All of us know that an operating system (like Windows, Linux, Android, etc) is a set of programs that manage different resources of a computing device and lets us run multiple applications at a time. When you install an OS on to a machine, it gets fully connected to the hardware in which it is installed. This means if you alter a part of the hardware (like changing a hard disk) the OS will get disturbed. In addition, though you can install multiple operating systems on to a machine you cannot run them simultaneously. You may have a Windows computer and occasionally you may need to be able to use programs that run on Linux or some other OS. This is where the concept of virtualisation, which separates the operating system from the hardware, comes into play.
The virtualisation software provides a software layer on the hardware in which one can install an instance of an OS. The advantage here is that you can now install multiple instances of different operating systems onto one piece of a physical computing system. One can install a virtualisation software directly into the hardware and then install instances of the different operating systems.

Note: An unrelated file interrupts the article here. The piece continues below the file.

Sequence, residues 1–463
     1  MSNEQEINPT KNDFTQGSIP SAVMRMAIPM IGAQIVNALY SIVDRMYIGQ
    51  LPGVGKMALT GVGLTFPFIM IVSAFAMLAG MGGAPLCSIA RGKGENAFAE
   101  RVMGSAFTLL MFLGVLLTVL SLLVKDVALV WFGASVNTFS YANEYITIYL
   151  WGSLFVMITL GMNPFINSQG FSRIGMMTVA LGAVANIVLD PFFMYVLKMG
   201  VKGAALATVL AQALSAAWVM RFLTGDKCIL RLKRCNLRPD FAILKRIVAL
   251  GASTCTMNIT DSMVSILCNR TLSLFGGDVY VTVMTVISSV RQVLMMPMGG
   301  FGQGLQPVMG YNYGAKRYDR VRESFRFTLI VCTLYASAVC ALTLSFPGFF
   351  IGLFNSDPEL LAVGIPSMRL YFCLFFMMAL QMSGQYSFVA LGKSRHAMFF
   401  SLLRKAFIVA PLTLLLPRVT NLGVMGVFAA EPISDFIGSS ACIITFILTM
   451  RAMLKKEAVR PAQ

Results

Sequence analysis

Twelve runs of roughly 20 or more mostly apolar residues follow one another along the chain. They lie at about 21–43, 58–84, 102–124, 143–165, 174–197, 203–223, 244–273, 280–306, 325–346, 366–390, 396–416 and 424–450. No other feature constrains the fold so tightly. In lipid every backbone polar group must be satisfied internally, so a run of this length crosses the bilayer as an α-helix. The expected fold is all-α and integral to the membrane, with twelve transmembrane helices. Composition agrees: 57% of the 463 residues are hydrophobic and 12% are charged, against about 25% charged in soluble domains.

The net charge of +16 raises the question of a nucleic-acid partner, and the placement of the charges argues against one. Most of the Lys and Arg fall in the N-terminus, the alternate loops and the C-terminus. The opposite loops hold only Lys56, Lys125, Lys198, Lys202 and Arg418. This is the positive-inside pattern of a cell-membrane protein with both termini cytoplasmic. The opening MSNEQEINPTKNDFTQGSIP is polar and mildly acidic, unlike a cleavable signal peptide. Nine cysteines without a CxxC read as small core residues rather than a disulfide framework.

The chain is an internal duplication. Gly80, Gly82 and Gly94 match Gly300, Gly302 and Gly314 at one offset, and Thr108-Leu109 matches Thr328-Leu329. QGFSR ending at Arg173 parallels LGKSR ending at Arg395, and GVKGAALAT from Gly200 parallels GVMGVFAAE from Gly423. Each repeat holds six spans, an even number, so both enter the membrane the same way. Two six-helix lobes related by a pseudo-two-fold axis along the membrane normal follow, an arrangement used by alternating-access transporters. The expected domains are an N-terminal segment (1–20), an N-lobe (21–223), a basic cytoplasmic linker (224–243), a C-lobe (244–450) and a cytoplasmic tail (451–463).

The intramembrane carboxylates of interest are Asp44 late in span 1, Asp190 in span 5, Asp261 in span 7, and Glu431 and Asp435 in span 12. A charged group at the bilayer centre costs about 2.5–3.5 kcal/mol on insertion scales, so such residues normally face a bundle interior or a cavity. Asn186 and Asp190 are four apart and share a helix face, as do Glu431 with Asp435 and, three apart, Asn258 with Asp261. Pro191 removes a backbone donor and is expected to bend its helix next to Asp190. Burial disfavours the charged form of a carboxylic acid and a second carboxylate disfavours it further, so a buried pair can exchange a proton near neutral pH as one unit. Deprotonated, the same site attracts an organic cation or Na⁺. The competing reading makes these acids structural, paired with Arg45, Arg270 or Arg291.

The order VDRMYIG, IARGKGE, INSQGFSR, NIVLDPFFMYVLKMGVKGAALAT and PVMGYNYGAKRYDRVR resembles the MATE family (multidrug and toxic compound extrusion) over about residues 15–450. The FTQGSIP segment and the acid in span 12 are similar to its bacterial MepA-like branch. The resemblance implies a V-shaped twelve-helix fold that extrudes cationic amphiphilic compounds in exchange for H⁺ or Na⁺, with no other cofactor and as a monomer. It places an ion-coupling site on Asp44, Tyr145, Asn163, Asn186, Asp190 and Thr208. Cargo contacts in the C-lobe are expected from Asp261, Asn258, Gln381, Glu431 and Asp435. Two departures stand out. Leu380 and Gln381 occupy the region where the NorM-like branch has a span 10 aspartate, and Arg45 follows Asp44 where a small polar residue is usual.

Another means to implement virtualisation is to install a virtualisation software onto an operating system. The OS that you install directly onto the hardware is called host OS. For ordinary users, this is the best virtualisation solution. Here we will discuss how we can implement a virtualisation solution on a Windows system using the virtualisation program called VirtualBox.
VirtualBox is a free and opensource solution to be able to run other operating systems virtually on your PC. Basically what the software does is that it allows an entire operating system (generally referred to as guest) to run on another operating system (referred to as the host). As already pointed out, there are several reasons why you would like to run a virtual machine on your computer. Some of them might include: you need access to a software that is not available on your host OS (note: you cannot run a Windows application on Linux); you wish to have access to multiple operating systems simultaneously or you are just curious about trying out another operating system.
VirtualBox installation process
To get started with the software, access the site, download the version that suits your host OS and install it. If you are using Windows 10, before beginning the installation process make sure to enable the hardware virtulisation feature. To check if it is enabled, invoke the ‘Task Manager’ (<Shift><ctrl><Esc>), and look at the ‘Virtualisation’ part (screenshot below).
If it is not enabled, access the BIOS setup and enable ‘hardware virtualization’ under the system configuration menu.
Let us come back to the Virtualbox setup process. During the installation process, you may get the warning that Virtualbox will reset your network connection and temporarily disconnect you from the network- simply select ‘yes’ and proceed. Once the software has been installed, load it and you will find the following screen: